Two miles below Aurora, Savanna Point projects into the lake- a most delightful situation, and to the man of taste and rural disposition, a most desirable resident. Four miles below this, is the village of Union Spring. This has the appearance of being thriving little spot. A large spring affording sufficient water to move a flouring mill and other machinery gives importance to the place.

Below this, commences the chain of beds of Gypsum, of more real value to the country than the same quantity of the precious metals. These quarries produce annually several thousand tons of this substance, which is consumed in the country about the Lakes and large quantities scat up the Lake to Ithaca, from thence transported to the Susquehanna river, and floated down its current to the interior of Pennsylvania. This trade was carried to a very great extent during the late war.

From the village of Union Spring, in passing down the Lake, the Cayuga Bridge can in a clear day be perceived, stretching like a line more than a mile in length across the Lake; and the villages East and West Cayuga, present a very pleasing appearance as they are approached from the south.

The west side of the lake, though destitute of any villages on its shore, is by no means devoid of interest. The great number of delightful farms cultivated to the very water’s edge, and a number of projecting points of land give a pleasing variety to the scenery. Some of those points have an enchanting effect upon the traveler, as they are approached. They are level plains, evidently produced by the alluvion deposits of the streams in their immediate vicinity, clothed with scattered elms and maples, and destitute of underbrush. In passing them, one is reminded of the tales of fairy land. This lake is becoming the channel of a very considerable commerce. It is the connecting link of a very extensive rich, and flourishing country, with the great canal. A steamboat has been in operation two seasons on the lake. The public are in a great measure indebted to the enterprise and public spirit of Oliver Phelps, Esq., for his eligible and delightful conveyance. The boat is more than a hundred tons burthen, handsomely fitted for the accommodation of passengers, and every attention is paid to their comfort and wants, by Mr. Phelps, who superintends himself.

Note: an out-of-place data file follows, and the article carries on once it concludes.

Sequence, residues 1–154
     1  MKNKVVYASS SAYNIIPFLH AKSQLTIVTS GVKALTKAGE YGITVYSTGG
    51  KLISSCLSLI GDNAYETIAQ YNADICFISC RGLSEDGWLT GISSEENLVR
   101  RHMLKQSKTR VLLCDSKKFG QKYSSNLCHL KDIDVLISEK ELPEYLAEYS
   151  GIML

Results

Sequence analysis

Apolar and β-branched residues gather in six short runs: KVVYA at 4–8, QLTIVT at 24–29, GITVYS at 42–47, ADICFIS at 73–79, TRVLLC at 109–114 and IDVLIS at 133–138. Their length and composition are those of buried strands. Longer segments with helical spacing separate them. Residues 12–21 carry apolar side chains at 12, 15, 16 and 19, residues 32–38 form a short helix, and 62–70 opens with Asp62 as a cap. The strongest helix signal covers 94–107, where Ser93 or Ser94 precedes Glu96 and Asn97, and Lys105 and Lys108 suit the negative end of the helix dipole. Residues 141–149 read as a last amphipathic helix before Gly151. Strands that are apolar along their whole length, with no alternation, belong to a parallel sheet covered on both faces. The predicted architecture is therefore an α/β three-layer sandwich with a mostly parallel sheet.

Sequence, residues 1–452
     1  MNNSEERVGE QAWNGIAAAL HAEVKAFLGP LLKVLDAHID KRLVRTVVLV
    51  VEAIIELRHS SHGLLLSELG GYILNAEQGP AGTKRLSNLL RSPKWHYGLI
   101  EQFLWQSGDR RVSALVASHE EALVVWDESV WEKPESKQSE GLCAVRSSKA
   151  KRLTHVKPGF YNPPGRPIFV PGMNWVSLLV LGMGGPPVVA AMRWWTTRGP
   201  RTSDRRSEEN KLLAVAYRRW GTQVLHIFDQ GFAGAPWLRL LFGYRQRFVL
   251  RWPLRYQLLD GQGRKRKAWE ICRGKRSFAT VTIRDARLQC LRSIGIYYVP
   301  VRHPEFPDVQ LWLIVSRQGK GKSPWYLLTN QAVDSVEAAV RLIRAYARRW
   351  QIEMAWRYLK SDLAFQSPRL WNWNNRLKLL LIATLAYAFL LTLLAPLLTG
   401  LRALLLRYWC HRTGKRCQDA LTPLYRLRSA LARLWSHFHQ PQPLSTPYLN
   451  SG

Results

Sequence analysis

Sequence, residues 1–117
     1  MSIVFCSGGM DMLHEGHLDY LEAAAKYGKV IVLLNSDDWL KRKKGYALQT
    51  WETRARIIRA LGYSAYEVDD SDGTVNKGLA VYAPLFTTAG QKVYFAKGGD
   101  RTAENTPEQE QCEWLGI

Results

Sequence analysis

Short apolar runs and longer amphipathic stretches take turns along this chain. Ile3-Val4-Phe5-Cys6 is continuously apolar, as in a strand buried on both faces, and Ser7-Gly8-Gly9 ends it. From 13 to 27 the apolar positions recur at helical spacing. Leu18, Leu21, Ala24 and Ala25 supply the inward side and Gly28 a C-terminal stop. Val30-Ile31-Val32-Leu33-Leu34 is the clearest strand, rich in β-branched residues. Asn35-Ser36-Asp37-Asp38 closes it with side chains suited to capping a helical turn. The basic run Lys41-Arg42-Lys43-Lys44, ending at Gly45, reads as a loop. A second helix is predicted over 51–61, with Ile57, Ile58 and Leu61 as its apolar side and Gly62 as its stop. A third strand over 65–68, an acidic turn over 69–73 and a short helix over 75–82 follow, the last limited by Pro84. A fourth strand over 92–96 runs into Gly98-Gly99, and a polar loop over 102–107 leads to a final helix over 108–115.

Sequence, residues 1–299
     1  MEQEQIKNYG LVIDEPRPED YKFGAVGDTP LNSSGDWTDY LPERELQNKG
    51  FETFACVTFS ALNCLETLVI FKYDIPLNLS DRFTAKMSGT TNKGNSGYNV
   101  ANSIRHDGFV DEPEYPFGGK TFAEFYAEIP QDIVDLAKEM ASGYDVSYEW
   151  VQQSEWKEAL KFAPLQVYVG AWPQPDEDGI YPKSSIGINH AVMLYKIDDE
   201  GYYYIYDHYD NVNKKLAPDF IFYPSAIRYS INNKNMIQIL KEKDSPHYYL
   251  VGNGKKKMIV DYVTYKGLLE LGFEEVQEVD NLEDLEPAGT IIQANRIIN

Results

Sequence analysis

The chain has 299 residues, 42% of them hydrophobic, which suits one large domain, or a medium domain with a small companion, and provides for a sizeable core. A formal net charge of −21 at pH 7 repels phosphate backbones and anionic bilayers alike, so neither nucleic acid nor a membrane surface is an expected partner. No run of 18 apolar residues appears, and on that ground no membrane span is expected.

Mr. Phelps has lately constructed an ingenious horse-boat to ply between the Bridge and the canal at Montezuma. This boat is a pleasing change from the monotonous movement of the canal boats to the more animated motion of the American Water Coach, as the proprietor has very happily named it. The conveyance in this boat is pleasant and safe. It is handsomely fitted for the accommodation of twenty or thirty passengers. It reflects great credit on the projector and proprietor, and it is to be hoped that his enterprise will be justly appreciated and rewarded..

Submitted by Richard Palmer

Sunday, May 1, 2011

Honeoye Falls/Town of Mendon Historical Society

Our May 5 program was scheduled to occur when the expanded Mendon Public Library is to open.

The program: “A Pictorial History of Early Rochester Public Library (Including Gates Public Library)” is to be presented by Susan Swanton, Retired Director, Gates Public Library.

The program is at the Mendon Community Center, 167 N. Main Street, Honeoye Falls.

It begins at 7:30 pm.

There is no charge to attend the meeting; the facility is accessible to the handicapped.